Some books are not fun to read.
Reading them is like dragging yourself through the floodwaters of your backyard ravine after last night's monsoon showers, a staple of any Tucson July. As you trudge forward, you're constantly pulled back by the tautness of the marshy water, threatened by the spines of the shriveled prickly pear cactus floating among you. But you’ve already made it this far and at this point, there’s no turning back. The only option is to keep going.
George Orwell’s "1984" is no different.
The setting is overcast, after a midsummer storm. Characters ebb and flow like flash floods, their disappearances and reappearances unexplained by the totalitarian superstate of Oceania, its own alliances as fickle as the daily forecast in July. A cult of personality has made its descent on the remains of London—now known as Airstrip One—giving rise to a ruthless dictatorship in which civil liberties are curtailed to the maximum and each citizen’s will to live is reduced to serving the government, also known as the Party. The narrative is at once unabashedly devastating and vitally refreshing, like a Sonoran Desert thunderstorm making a sudden appearance after months of drought. It’s hard to digest.
But some books are necessary.
The society described in “1984”—a world in which humans’ capacity for original thought is confined through increasingly-simplistic diction, in which the past is more mutable than the future, in which facts are denuded of irrevocable meaning—is a stone’s throw from the one in which we live today.
Modern truncation of language, rife in the brevity of text messages and tweets, is not far off from Newspeak—the Party’s preferred mode of communication, a language characterized by the utmost level of concision. Like the fictitious citizens of Oceania, people today increasingly drop vowels and consonants from the simplest of sentences in a quest to streamline conversation, sometimes, only to salvage one or two letters.
Newspeak strips the English language of its descriptive vibrancy, replacing centuries of evolving linguistic beauty with unabashed simplicity. “Horrifying” becomes “ungood,” “marvelous” becomes “plusgood,” “superior” becomes “doubleplusgood,” and so on. But the devolution of the four-letter “love” to the three-letter “luv” is a relatively innocuous symptom of a much more insidious phenomenon, one present in our own society: the death of meaningful discourse.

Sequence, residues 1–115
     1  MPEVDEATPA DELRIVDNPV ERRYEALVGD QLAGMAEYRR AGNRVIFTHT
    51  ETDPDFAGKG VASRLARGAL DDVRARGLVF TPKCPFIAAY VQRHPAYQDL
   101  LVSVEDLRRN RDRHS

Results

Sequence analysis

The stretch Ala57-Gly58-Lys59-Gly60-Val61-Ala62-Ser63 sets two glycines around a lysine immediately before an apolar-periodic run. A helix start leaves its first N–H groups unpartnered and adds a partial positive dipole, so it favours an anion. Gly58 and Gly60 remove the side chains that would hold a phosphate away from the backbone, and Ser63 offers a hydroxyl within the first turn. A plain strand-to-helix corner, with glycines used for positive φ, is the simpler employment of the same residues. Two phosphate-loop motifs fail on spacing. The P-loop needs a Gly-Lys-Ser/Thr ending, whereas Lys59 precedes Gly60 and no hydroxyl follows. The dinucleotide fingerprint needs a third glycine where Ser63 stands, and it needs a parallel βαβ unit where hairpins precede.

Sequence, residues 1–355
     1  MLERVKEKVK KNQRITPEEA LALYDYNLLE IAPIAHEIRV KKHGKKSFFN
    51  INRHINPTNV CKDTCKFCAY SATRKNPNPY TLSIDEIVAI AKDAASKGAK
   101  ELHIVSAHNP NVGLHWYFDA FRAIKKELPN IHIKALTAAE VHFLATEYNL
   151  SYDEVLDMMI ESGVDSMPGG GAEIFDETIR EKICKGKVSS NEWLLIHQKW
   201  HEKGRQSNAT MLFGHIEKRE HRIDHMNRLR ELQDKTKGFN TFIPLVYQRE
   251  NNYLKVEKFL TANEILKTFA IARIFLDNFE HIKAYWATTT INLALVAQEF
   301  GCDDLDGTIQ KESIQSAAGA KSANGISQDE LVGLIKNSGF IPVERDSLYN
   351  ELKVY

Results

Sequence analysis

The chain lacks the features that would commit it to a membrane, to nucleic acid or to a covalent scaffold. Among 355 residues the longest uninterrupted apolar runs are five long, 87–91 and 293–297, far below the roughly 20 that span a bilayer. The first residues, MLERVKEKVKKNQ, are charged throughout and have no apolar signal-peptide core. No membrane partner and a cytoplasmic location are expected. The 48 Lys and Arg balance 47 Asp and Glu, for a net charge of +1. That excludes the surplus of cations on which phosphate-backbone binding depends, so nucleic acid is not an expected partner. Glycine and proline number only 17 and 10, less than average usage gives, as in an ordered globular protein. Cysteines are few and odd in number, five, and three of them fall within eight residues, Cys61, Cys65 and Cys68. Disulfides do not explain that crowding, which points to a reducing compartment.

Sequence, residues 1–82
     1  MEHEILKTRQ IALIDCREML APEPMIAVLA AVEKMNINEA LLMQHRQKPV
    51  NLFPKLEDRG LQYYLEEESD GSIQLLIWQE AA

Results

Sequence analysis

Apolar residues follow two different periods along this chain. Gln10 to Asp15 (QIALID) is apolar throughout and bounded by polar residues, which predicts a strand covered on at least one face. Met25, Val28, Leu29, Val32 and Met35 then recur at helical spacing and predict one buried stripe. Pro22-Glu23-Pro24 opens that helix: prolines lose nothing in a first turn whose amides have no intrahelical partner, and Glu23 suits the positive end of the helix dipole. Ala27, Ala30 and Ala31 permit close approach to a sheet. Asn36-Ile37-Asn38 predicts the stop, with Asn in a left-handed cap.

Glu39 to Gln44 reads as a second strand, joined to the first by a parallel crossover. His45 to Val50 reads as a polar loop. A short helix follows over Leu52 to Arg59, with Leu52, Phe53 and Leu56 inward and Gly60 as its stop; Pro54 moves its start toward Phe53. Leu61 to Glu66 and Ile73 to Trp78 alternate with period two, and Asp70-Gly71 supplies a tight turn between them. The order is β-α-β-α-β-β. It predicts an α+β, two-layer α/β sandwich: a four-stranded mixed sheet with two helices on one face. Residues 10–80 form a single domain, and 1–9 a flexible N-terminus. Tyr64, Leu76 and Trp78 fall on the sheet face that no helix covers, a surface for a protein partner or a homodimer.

What is most concerning about Newspeak lies not in its promotion of brevity (which, in itself, bears echoes of modern texting language), but rather, in its advocacy of restraint. Through Newspeak, language becomes austere, robbing its users of their ability to express a full range of human emotion, to engage in rewarding discussions with one another beyond prescribed modes of communication.
Today’s world is no different. We live our lives in front of screens, anxiously awaiting the endorsement of others in the form of preordained reactions on social media—hearts, thumbs-ups, emojis, and so on. Our most meaningful modes of interpersonal engagement have devolved into the Pavlovian clicks of a “like” button—the action itself coming to symbolize a litmus test for friendship, an indicator of boundless affection, an emblem of irrevocable loyalty.
We obsess over who among our glut of online friends views our Snapchat and Instagram stories, because in a wading pool of such undemanding gestures we have somehow come to find an ocean of meaning. We conclude text messages with smiley faces, “lols,” and “hahas” to imbue them with an equivocal tone, afraid to pose questions that might unsettle, make comments that might disturb. We hesitate to take risks with language, to let our words occupy the full breadth of the space they deserve.
Whether it’s asking for clarification or telling someone how we feel, we mask our vulnerabilities with the inviting veneer of emojis, sincerely hoping the other person will “get the message.” But in doing so, we withhold our own humanity from the threshold of dialogue, tucking it away in a corner with the rest of our emotions that refuse to be categorized. We let our conversations proceed with an unsettling staccato—devoid of nuance, of spark, of tension, because we are afraid of what could happen if we reveal ourselves completely.
As communication becomes increasingly digitized, people will undoubtedly continue to seek connections with one another online. But if we aspire to do so meaningfully, we need to learn how to use our words again. With the ever-growing English language at our fingertips, it’s far from impossible.
Perhaps we must turn back to books as a first step, dare to immerse ourselves in prescient tales of what happens when we are forced into psychological austerity, robbed of the capability to express ourselves creatively. Orwell’s magnum opus is a reminder: Newspeak is effectively a drought, bereaving the citizens of Oceania of intellectual and emotional capacities. And its modern variant, manifest in the rigid prescriptions of online communication, threatens to do the same to us—unless we fight to restore the nuance of language.
So let the storm come. Let it ravage an atmosphere tainted with aridity, blessing our discourse with moisture and meaning through each of its howls. Let it unshackle the stiff confines of human connection. Let it replenish our collective wellspring of humanity.
Above all, let it sow the seeds of vibrant dialogue.
Meena Venkataramanan '21, a Crimson News editor, lives in Adams House. Her column appears on alternate Wednesdays.
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